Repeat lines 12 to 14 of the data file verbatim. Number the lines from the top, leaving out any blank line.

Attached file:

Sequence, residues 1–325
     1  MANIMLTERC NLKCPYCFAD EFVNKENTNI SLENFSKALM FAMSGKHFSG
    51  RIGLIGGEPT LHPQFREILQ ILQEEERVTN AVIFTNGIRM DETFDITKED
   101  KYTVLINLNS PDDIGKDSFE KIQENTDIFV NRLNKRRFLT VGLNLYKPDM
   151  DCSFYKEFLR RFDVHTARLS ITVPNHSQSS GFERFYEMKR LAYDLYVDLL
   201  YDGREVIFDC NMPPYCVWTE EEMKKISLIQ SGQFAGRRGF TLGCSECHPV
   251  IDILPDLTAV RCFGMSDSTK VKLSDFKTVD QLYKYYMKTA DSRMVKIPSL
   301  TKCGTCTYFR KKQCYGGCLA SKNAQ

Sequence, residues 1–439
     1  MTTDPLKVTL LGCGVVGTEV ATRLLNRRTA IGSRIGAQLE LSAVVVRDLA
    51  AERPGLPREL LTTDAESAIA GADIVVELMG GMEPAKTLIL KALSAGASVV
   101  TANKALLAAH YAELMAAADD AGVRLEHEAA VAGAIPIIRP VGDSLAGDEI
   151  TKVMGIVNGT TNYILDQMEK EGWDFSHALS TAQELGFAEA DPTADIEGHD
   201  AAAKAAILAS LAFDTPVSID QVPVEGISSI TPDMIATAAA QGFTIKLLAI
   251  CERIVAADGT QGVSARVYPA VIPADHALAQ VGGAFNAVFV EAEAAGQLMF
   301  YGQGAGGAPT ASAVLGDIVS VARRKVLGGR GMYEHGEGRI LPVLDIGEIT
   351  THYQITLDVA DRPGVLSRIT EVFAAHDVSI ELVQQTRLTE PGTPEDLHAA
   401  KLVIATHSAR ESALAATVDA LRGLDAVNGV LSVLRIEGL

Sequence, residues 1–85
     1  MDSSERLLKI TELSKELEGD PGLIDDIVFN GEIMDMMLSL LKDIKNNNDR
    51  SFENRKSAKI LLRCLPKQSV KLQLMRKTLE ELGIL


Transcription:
   101  TANKALLAAH YAELMAAADD AGVRLEHEAA VAGAIPIIRP VGDSLAGDEI
   151  TKVMGIVNGT TNYILDQMEK EGWDFSHALS TAQELGFAEA DPTADIEGHD
   201  AAAKAAILAS LAFDTPVSID QVPVEGISSI TPDMIATAAA QGFTIKLLAI